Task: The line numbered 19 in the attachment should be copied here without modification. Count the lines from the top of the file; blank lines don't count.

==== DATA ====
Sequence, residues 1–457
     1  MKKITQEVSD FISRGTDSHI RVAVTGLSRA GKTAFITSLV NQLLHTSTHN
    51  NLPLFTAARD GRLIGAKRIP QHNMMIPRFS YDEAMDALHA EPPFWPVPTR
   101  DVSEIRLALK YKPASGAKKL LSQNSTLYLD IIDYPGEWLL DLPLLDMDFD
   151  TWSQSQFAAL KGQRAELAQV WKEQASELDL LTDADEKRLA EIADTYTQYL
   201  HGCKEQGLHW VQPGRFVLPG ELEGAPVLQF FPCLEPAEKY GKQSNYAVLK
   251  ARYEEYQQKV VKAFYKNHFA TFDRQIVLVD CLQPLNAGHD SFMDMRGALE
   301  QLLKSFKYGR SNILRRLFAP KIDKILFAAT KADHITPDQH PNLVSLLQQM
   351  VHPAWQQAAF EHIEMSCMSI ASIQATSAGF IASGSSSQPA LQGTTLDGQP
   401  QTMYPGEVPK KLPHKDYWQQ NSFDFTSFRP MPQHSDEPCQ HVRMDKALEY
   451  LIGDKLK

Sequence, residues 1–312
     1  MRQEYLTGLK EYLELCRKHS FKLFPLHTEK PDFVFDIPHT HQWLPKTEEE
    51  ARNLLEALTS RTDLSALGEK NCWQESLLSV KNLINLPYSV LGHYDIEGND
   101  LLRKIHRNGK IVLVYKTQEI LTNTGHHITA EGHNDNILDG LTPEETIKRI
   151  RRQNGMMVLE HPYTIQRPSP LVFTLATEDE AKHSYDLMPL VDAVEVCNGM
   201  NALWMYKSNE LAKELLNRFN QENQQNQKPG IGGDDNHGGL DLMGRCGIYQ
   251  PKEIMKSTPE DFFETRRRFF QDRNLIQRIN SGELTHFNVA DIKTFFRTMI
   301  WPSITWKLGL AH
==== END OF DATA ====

   301  WPSITWKLGL AH